The rights, restrictions and obligations / duties of a co-branding strategy are implemented through a co-branding agreement that is binding on both parties. A co-branding agreement contains vital provisions and must be carefully drafted to protect the parties, as well as clearly provide the parameters of the relationship. A typical co-branding agreement includes provisions covering branding specifications, market plan strategy, licensing specifics, payments and royalties, representations and warranties, term and termination, confidentiality, indemnification and disclaimers.
IP Due Diligence & Valuation
The value of Intellectual Property is vital for many businesses. The commercial strength and value of technology, brands and innovation is not properly articulated in memorandums or misjudged by buyers.
Due diligence is extremely vital in IP transactions as any other business acquisition. Patents and trade-marks are increasingly sold and licensed as standalone assets. Besides being gaining access to the appropriate market participants, these transactions also benefit from a quantitative assessment of the functional, legal and economic characteristics of the IP assets.
We assist organizations by conducting a thorough due diligence in relation to IP assets and then assessing the commercial value of IP whether it be for the purposes of financial reporting, tax, litigation and strategy determination.
We perform IP due diligence assessments of deals. We counsel clients on choosing the deal structure that will maximize the value and enforceability of their IP assets.
Our IP diligence includes assessing patent, trade secret portfolios, trademarks reviewing license agreements, confirming IP ownership, assessing the adequacy of IP disclosures under securities laws, evaluating the strength and value of lead programs and developed and clinical stage products, assessing trade secret protection programs and the management of data privacy issues and appraising R&D programs.
In conducting portfolio reviews for companies considering acquiring or investing in intellectual property, we identify potential problems concerning the targeted IP, using knowledge we then leverage to negotiate more favorable deals and to recommend value-enhancing solutions. We assist also in identifying, assessing and pursuing funding options.
Mergers and acquisitions
We provide overall IP support for mergers and acquisitions and other corporate transactions, including deal structuring, IP due diligence, and negotiation of relevant IP terms and agreements.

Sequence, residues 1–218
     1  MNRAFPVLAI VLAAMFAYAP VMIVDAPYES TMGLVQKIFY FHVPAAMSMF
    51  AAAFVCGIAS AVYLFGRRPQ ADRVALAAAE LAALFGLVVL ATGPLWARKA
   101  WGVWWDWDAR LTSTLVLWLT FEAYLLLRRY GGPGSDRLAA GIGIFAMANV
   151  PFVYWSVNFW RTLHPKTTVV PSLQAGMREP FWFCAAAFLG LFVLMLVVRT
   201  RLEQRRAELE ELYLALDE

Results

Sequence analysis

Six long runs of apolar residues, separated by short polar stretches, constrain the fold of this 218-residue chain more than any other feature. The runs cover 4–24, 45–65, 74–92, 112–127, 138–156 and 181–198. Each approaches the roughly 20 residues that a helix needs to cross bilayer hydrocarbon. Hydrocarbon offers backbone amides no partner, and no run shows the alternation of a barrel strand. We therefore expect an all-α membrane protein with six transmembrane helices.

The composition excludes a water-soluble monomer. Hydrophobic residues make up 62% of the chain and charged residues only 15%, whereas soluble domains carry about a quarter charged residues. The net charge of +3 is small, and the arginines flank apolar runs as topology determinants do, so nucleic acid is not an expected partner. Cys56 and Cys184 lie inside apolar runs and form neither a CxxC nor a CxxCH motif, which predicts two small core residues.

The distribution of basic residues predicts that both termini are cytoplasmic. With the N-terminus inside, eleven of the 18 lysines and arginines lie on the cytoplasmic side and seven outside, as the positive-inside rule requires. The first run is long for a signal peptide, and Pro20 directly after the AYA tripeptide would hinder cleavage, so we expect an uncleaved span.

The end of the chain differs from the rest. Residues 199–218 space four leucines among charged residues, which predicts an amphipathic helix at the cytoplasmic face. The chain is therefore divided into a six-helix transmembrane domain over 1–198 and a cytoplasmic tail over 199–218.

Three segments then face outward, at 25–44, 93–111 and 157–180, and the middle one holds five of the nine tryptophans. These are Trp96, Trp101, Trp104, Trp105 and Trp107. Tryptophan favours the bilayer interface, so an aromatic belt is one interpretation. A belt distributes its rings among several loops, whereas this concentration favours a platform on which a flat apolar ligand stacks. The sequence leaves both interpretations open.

IP Due Diligence
IP rights are a central active for innovative companies and may be a decisive parameter in relation to business partners as well as to competitors.
The term “Joint Venture” doesn’t have any complex legal or technical meaning; it is simply an arrangement between two or more organizations in furtherance of a common objective.
Joint Ventures are one of the most collaborative models, listed here are four lifecycle stages
- Pre-Contract, before the signature of the Joint Venture Agreement,
- Contract, signing a Joint Venture Agreement,
- Implementation, fulfilment of the JV contractual obligations,
- Termination, end of the JV contractual obligations
Important points to be noted
- It must be in writing,
- It must be signed by both the parties,
- It must specify the rights licensed,
- It must specify the royalty payable if any,
- The term of the license and the territory for the rights
In a franchise agreement, one party (the franchisor) grants one or more other parties (the franchisee) the right to use its trade mark or trade name as well as the use of its business systems and processes (which may also involve IP). These licensed rights are used by the franchisees to provide goods or services to agreed specifications controlled by the franchisor. In return, the franchisees pay royalties and often pay fees and contribute to marketing costs.
The franchisor gains rapid expansion of business with minimal capital expenditure. Based on the franchisor’s initial success, the franchisees gain immediate brand recognition and established business processes and products.
Franchise agreements tend to be more complex than licensing agreements, partly because the franchisor must ensure that franchisees consistently provide high quality products and services so that the brand’s reputation is not tarnished.
Mergers and Acquisitions (M&As)
‘M&As’ are a pair of legal transactions at corporate level that are similar to each other in the way they produce a desirable business entity to serve as a commercialization vehicle.
A merger is the legal consolidation of two business entities into one. An acquisition occurs when one entity takes ownership of another. Both transactions result in the consolidation of assets and liabilities into a single entity, and the distinction between a merger and an acquisition can be vague in commercial terms. An acquisition (rather than a merger) is considered to occur when your company is significantly smaller than the other, or when the transaction is forced upon your company.
For example, if you’re an inventor you may hold IP as an asset in a small, non-operational company that you own and run for prototyping and demonstration purposes only. You then seek acquisition or merger of your company by or with a larger organization with the funds to commercialize the IP.
If you have a technology, invention or innovation and wish to bring it to market, talk to us to find out how we can open up a pathway for you to bring your innovation to full commercial potential.